Rheumatism or rheumatic disorder is an umbrella term for conditions causing chronic, often intermittent pain affecting the joints and/or connective tissue. The study of, and therapeutic interventions in, such disorders is called rheumatology.The term “rheumatism”, however, does not designate any specific disorder, but covers at least 200 different conditions. Sources dealing with rheumatism tend to focus on arthritis, but “rheumatism” may also refer to other conditions causing chronic pain, grouped as “non-articular rheumatism”, also known as “regional pain syndrome” or “soft tissue rheumatism”.The term “Rheumatic Diseases” is used in MeSH to refer to connective tissue disorders. The term “rheumatism”, to the inclusion of arthritis, covers at least 200 different conditions.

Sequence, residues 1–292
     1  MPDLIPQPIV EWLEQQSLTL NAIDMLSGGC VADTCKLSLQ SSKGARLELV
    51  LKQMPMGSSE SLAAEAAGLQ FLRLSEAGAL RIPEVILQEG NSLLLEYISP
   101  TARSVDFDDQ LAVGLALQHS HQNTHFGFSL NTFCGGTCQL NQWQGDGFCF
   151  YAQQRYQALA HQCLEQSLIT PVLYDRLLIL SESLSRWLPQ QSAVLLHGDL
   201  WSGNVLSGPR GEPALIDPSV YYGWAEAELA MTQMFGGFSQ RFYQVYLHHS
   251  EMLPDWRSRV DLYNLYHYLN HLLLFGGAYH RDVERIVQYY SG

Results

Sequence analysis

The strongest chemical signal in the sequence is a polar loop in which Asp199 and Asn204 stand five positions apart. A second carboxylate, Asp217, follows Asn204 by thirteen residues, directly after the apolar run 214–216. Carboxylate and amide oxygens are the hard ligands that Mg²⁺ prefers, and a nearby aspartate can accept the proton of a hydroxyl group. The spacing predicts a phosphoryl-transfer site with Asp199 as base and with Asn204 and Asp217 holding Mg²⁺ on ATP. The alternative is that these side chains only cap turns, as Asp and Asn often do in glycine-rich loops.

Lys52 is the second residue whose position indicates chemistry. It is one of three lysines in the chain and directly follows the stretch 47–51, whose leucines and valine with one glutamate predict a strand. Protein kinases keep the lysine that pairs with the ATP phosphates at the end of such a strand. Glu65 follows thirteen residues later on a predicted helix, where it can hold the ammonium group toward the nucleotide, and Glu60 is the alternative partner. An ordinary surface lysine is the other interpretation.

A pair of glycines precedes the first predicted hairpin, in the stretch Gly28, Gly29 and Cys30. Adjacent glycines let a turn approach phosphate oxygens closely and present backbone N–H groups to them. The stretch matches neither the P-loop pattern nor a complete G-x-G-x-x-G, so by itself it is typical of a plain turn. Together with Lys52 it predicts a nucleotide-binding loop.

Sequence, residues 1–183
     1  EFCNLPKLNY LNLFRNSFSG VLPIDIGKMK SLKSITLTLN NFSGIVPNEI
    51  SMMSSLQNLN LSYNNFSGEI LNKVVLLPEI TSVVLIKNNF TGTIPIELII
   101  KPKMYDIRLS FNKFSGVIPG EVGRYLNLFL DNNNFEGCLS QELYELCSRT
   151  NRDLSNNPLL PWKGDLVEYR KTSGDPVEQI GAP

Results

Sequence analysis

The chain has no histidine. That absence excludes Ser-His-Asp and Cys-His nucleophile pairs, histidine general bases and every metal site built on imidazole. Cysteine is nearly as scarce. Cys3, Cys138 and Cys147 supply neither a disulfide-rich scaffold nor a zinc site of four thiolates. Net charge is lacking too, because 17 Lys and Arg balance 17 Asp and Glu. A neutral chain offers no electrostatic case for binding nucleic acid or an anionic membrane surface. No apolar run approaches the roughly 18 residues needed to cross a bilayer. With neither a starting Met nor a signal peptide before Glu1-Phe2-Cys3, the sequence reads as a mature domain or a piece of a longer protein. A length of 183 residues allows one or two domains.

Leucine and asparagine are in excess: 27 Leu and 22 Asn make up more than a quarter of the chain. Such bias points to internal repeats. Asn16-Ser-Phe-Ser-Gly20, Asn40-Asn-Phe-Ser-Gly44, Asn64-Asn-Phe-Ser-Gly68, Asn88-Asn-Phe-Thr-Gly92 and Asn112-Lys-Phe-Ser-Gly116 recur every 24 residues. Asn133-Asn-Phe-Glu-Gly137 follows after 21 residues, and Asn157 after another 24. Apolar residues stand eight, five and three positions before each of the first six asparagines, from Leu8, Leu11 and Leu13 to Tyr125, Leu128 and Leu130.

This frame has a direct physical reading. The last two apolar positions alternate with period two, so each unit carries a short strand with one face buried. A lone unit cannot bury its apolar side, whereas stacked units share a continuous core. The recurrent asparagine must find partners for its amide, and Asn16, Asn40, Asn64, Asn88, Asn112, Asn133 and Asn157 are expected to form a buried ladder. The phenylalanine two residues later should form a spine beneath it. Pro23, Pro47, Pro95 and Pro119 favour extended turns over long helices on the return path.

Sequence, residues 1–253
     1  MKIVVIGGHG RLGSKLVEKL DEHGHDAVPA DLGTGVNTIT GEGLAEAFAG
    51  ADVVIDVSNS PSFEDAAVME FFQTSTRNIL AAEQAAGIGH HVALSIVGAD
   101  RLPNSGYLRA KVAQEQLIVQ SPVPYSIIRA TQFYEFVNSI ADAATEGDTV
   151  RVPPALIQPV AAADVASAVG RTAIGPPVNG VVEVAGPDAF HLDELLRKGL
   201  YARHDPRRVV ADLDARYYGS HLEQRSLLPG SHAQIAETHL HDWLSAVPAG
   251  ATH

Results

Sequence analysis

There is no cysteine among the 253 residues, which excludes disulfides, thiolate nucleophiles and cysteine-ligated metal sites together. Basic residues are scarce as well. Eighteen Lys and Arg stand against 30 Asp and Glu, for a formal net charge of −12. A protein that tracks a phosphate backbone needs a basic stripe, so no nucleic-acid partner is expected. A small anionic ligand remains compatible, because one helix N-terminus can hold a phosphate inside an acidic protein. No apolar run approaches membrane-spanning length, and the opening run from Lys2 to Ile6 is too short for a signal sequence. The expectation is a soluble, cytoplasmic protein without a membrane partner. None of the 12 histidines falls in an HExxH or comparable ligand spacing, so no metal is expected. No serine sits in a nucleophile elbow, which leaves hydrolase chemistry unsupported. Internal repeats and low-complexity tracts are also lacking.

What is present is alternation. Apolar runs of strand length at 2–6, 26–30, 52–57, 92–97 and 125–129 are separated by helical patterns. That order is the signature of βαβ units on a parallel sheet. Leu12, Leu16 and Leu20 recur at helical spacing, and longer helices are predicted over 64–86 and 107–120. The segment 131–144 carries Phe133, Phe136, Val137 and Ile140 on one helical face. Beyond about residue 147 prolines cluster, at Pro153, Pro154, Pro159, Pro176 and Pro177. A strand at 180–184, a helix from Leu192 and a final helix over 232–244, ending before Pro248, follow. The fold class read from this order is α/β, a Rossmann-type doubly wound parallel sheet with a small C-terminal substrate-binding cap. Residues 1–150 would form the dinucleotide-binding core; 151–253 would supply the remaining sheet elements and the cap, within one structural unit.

The term rheumatism in the current sense has been in use since the late 17th century, as it was believed that chronic joint pain was caused by excessive flow of rheum or bodily fluids into a joint. The term rheumatism is somewhat older, adopted in the early 17th century in a different meaning, from from Late Latin rheumatismus, ultimately from Greek ῥευματίζομαι “to suffer from a flux”, i.e. any discharge of blood or bodily fluid (Mark 5:25 uses ῥύσις, from the same root, for “flow of (menstrual) blood”, translated as “flux” in KJV). Before the 17th century, joint pain thought to be caused by viscous humours seeping into the joints was named gout, a word adopted in Middle English from Old French gote “a drop; the gout, rheumatism”.